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Old September 7th, 2006, 05:04 PM   #161
Rachmaninov
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Good news... I wonder what the two developments would look like...
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Old September 26th, 2006, 07:57 AM   #162
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啟德跑道尾擬建觀光塔
08月 17日

【東方日報專訊】被稱為市區最後一塊珍貴用地的舊啟德機場,將可能興建本港首個觀光塔,規模媲美澳門旅遊塔和上海東方明珠塔,可讓遊人從高空俯瞰維港美景。民建聯東南九龍發展計劃小組召集人發表意見陳鑑林引述規劃署消息指,正考慮於啟德跑道尾興建觀光塔,成為繼郵輪碼頭、多用途體育館後區內第三大地標。旅遊業議會總幹事董耀中歡迎構思,但建議觀光塔須設旋轉餐廳、展覽場地等配套。

規劃署稱建議可接受

規劃署官員上周三與陳鑑林會晤,收集民建聯對啟德初步規劃大綱圖的意見。陳向本報透露,署方代表對民建聯提倡跑道尾興建觀光塔的建議稱「可以接受」,會研究在大綱圖加入觀光塔的可行性。事實上,與香港關係密切的上海和澳門,均分別建有全球最三高(四百六十八米) 及全球第十高 (三百三十八米) 的觀光塔。

陳又指,維港景色世界知名,相信觀光塔會深受遊客歡迎,但觀光塔須高過跑道中央的廿層高住宅。身兼城規會成員的觀塘區議員陳華裕認為,單純建觀光塔的點綴性意義較大,建議將觀光塔低層作為連接觀塘與啟德行人橋的柱躉,為居民帶來方便。
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Old October 20th, 2006, 03:15 AM   #163
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50-storey hotel planned for Kai Tak
Government prepared to lift 100-metre height limit for project to be built near the end of former airport runway
18 October 2006
South China Morning Post

The government is preparing to lift the 100-metre height restriction laid down in its redevelopment plan for the former Kai Tak airport to allow for a 200-metre hotel of about 50 storeys to be built near the end of the old runway.

A government source said the proposed building would have a public viewing deck on the rooftop.

Unionist Chan Yuen-han dubbed the arrangement a property project, and said the hotel would monopolise the best view and block southeast winds. Ms Chan was angry that the government had rushed to gazette the proposal.

But Democratic Alliance for the Betterment and Progress of Hong Kong legislator Chan Kam-lam welcomed the proposal, which reflected the party's submission."We wanted the government to build a viewing tower at the end of the runway. They are responding to us - 200 metres is appropriate for [a] viewing [platform]," he said.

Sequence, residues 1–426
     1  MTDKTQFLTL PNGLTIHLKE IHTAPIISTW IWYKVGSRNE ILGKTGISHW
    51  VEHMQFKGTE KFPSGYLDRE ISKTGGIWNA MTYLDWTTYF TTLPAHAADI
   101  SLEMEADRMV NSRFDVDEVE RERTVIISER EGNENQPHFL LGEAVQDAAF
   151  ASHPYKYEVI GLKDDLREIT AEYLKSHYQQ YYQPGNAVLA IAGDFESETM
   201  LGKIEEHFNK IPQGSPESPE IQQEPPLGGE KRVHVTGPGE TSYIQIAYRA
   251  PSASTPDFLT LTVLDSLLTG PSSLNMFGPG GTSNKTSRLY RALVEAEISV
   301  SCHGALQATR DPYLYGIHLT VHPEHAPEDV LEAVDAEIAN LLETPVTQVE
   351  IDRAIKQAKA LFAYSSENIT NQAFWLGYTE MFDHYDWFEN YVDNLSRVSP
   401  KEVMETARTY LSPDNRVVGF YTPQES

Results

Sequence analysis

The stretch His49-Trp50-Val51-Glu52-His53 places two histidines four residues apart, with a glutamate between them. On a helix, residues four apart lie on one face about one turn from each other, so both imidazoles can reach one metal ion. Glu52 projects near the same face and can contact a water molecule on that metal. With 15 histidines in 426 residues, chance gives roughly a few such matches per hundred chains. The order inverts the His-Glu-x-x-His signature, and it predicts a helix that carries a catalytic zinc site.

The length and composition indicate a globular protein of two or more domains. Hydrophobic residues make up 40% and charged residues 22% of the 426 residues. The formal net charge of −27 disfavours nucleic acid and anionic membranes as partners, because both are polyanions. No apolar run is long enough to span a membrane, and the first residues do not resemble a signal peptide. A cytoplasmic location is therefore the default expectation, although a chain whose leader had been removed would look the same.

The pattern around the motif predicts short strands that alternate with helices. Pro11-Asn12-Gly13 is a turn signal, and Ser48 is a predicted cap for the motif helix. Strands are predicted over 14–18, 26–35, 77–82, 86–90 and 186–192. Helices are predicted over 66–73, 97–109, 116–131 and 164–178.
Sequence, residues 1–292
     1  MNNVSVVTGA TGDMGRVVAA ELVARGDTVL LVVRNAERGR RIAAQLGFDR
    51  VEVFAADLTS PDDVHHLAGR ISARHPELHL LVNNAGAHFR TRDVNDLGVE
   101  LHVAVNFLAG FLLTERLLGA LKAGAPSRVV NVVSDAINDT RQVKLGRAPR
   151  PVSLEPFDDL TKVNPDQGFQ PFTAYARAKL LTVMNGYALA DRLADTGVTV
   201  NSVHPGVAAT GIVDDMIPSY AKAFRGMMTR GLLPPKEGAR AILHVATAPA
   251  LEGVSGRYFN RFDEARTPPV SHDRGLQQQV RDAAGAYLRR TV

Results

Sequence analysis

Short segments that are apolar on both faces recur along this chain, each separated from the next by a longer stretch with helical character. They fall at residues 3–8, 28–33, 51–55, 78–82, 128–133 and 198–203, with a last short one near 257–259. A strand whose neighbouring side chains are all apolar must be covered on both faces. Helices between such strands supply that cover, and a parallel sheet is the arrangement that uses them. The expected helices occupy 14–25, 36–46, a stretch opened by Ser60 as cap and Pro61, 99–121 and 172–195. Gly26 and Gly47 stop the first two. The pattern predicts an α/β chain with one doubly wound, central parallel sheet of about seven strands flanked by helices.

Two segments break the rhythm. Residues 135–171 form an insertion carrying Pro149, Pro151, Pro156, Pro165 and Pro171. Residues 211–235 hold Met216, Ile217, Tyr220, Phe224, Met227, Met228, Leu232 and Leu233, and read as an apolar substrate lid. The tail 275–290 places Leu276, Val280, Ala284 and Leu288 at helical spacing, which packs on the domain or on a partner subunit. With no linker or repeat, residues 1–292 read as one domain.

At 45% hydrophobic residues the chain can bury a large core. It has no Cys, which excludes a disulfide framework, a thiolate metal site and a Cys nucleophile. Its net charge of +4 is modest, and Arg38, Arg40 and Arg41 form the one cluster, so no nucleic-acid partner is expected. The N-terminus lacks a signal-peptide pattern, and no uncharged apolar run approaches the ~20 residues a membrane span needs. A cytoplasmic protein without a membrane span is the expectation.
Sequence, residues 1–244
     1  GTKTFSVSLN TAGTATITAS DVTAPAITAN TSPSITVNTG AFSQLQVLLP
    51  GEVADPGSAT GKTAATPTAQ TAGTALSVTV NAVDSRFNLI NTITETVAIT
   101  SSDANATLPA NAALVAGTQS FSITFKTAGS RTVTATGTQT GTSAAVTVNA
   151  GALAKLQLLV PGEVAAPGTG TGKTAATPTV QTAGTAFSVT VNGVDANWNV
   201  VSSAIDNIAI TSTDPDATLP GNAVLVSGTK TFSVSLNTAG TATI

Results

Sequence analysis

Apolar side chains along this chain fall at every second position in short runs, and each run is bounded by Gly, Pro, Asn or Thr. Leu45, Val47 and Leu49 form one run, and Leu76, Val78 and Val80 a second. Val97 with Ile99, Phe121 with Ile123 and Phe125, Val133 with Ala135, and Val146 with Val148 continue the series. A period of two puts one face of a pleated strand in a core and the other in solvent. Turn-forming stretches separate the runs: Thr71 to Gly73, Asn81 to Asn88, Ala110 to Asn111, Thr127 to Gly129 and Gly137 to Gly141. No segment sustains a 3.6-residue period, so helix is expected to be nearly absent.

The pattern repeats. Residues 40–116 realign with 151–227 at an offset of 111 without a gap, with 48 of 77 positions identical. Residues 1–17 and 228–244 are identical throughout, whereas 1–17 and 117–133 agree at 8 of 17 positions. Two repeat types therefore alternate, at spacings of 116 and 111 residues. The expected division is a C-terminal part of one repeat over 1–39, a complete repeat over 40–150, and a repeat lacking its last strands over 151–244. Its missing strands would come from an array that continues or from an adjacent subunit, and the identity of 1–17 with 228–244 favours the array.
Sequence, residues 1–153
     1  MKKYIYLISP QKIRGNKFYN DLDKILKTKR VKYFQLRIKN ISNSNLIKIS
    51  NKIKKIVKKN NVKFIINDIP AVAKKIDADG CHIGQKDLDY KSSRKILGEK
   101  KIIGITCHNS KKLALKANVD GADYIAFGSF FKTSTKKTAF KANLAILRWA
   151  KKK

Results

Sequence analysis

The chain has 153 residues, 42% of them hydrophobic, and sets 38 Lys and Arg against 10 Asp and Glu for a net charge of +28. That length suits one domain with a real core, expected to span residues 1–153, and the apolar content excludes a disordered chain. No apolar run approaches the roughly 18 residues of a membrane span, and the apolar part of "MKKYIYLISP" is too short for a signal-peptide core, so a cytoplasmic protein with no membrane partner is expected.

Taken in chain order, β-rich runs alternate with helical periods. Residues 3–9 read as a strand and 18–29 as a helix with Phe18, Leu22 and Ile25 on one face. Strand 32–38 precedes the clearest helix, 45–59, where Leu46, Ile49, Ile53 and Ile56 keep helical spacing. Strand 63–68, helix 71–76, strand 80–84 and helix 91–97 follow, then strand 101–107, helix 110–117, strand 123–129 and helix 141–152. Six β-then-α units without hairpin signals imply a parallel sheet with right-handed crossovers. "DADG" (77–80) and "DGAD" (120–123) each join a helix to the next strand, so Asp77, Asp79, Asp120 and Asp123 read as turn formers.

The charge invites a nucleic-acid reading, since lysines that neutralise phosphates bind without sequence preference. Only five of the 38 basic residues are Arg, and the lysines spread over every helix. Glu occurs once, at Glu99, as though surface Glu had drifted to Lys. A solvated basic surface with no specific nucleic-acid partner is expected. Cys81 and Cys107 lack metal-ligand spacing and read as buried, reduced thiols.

A draft development plan was released yesterday after planning officials analysed 230 written submissions and views expressed in 20 open forums in July and August.

Under the proposal, the former airport and surrounding area would be turned into a sports, tourism and business hub with three times more grade-A office space than the two International Finance Centre buildings combined.

While the plot ratio, or ratio of total floor area to plot size, would be capped at five for residential development, the ratio for commercial buildings would be nine. The development would provide housing for 86,000 people, a 27.3-hectare stadium complex and a cruise terminal.

The source said: "We are prepared to build a third berth for the cruise terminal. But we're not making any decision until the first two berths have been completed."

Responding to demands from political parties, the revised proposal would turn the depot site reserved for the Sha Tin-to-Central rail link into open space and add two underground walkways linking Kai Tak, Kowloon City and San Po Kong.

Land would be reserved for a monorail with eight stops.

The DAB has demanded that a bridge be built to link the southern tip of the runway and Kwun Tong MTR station, and the source said the government would continue to explore the suggestion, but it could involve some reclamation.

Some changes have been made to the development mix. The new plan would provide:

Less land for commercial development (office, hotel, retail), but more mixed development (residential, hotel and retail);

Less land for high-density and low-rise residential development;

More land for government and community facilities;

Larger areas for tourism development;

More open space and less land for roads.

Planning officials will present the revised proposal to the Town Planning Board, the Harbourfront Enhancement Committee and Kowloon City and Wong Tai Sin district councils in coming weeks.
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Old October 23rd, 2006, 06:06 AM   #164
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Secrecy over Kai Tak cruise terminal generates waves of questions
20 October 2006
South China Morning Post

"The consortium chosen to develop a cruise terminal at Kai Tak will have the right to operate the terminal on the former airport site for more than 30 years."

SCMP, October 19

PERHAPS WE'LL GET around to building it then before those 30 years are up. Chief Executive Donald Tsang Yam-kuen had been expected to present details in his policy address last week but no luck and the leaks we are now getting are still very short on detail.